Twenty five taxi drivers who chose to go on strike due to an ongoing problem that overcharged passengers have been controversially sacked.
The cabbies working for Veezu’s V Cars were shown the door for partaking in a larger vocal demonstration attended by approximately 60 people on the doorstep of the firm’s headquarters.
The strike action taken was due to drivers refusing to take work claiming that customers were continuing to be overcharged and that no fix had yet to be found.
In a statement via Swindon Advertiser, Veezu said: “Unfortunately, a small minority of drivers have become disruptive. These actions are detrimental to the vast majority of drivers and affect not just the company’s reputation, but also all drivers’ work levels.”
A spokesperson from the firm went on to say: “These actions are not reasonable and as such we cannot condone or allow them to continue.
“We have a duty of care to our staff for their safety and wellbeing and to the majority of drivers to safeguard work levels.
“The drivers identified carrying out these actions are no longer associated with V Cars.
V Cars Drivers’ Association said that they will be contacting Citizen’s Advice Bureau after “disgraceful” treatment and that “Veezu has no proof to back up what they have said”.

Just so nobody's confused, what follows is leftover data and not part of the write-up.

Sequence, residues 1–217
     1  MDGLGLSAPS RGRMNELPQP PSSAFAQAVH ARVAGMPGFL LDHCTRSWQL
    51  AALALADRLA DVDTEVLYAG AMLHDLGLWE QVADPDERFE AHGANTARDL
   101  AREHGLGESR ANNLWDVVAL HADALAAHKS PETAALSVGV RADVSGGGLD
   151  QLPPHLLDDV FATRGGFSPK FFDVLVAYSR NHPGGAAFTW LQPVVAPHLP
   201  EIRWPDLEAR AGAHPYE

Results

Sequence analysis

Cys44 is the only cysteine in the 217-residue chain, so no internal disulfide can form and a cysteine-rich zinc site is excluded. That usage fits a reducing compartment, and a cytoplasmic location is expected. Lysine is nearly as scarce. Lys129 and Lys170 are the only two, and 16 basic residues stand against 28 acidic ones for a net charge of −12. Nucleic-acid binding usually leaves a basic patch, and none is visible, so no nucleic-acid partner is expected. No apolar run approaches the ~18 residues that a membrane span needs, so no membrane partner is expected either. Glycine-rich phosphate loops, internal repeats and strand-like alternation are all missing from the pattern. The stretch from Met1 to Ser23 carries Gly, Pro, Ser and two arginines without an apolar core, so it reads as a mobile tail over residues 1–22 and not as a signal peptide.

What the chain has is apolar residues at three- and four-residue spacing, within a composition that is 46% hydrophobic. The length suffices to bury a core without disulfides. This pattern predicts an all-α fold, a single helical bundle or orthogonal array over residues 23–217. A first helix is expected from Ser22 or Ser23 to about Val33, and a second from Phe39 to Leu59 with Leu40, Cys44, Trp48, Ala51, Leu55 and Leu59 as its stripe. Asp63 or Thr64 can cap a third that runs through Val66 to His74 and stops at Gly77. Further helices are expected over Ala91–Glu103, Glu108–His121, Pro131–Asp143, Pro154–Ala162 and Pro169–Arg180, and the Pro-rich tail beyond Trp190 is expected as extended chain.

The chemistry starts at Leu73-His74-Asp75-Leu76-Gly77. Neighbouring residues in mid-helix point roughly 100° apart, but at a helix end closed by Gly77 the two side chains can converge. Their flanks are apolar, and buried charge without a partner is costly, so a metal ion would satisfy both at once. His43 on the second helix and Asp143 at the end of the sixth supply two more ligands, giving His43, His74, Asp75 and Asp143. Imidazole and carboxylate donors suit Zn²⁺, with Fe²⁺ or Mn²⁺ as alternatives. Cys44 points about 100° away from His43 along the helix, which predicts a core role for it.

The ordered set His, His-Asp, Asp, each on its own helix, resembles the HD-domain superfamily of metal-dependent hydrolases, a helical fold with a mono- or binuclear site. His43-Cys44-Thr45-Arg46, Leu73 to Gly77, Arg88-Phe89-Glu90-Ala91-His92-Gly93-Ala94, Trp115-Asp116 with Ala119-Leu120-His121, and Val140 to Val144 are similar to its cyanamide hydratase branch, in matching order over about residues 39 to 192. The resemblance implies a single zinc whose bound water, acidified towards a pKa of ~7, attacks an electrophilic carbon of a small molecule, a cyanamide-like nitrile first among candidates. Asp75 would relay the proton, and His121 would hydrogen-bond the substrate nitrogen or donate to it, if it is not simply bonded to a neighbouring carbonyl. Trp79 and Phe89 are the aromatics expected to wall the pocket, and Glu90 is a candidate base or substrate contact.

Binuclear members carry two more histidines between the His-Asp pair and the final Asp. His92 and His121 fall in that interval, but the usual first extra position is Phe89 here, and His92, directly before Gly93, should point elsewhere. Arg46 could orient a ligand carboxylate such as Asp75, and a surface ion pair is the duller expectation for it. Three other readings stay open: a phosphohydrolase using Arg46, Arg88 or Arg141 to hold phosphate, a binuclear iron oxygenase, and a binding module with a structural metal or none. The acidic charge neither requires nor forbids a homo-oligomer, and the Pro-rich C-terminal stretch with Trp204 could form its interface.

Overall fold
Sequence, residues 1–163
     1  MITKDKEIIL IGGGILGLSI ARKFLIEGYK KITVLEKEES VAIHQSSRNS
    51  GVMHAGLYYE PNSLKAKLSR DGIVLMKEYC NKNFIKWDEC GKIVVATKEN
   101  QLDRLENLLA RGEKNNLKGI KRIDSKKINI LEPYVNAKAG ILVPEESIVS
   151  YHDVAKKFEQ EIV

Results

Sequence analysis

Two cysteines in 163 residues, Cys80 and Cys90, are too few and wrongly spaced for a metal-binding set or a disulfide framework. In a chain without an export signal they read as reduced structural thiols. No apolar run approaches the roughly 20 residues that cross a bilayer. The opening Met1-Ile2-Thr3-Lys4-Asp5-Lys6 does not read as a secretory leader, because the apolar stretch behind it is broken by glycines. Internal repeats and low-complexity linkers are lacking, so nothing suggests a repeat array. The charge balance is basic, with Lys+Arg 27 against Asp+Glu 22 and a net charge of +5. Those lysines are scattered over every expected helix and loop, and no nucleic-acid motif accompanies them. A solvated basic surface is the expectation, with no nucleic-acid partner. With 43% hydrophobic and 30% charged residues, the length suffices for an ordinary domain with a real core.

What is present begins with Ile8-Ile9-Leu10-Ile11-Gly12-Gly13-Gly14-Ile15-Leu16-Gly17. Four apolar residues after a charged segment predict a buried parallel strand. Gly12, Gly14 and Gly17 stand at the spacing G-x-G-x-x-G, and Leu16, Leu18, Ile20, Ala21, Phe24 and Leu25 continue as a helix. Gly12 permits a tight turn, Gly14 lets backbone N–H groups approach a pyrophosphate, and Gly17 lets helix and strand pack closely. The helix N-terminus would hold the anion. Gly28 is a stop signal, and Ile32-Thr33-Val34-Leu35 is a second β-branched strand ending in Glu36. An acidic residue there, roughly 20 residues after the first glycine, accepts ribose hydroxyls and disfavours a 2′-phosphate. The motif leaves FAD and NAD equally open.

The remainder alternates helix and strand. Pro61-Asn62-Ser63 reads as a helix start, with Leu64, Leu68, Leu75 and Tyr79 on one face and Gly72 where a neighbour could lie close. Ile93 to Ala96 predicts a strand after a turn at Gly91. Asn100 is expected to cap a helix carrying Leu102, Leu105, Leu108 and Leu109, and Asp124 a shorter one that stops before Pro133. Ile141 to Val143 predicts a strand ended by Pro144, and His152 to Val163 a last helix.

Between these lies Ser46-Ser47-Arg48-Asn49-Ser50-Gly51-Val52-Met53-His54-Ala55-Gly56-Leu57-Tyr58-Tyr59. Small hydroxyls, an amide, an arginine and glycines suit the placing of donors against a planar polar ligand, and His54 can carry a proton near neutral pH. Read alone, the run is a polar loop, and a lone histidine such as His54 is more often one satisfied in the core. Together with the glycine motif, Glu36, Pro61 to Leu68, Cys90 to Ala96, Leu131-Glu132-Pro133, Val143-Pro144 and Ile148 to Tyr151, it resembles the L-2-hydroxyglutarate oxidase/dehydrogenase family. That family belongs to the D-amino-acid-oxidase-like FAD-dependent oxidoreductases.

Veezu has faced a tricky week as it’s other Private Hire firm, A2B based in Birmingham, have recently been in the spotlight this week. The the Independent Workers’ Union of Great Britain (IWGB) brings employment status, holiday pay, minimum wage and unlawful deduction of wages claims against against the firm.
The IWGB claim Veezu’s A2B denied its drivers, all members of IWGB’s United Private Hire Drivers (UPHD) branch, basic employment rights by classifying them as independent contractors rather than workers. Workers have a right to the minimum wage, holiday pay, rest breaks and the right not to work more than 48hrs a week, among other rights.
IWGB General Secretary Dr Jason Moyer-Lee said: “The wide scale depravation of employment rights is not unique to Uber, it is rampant across the private hire sector in the UK. With these actions the IWGB is stepping up its campaign to have private hire drivers recognised as the workers they are and enjoying the rights to which they are legally entitled.”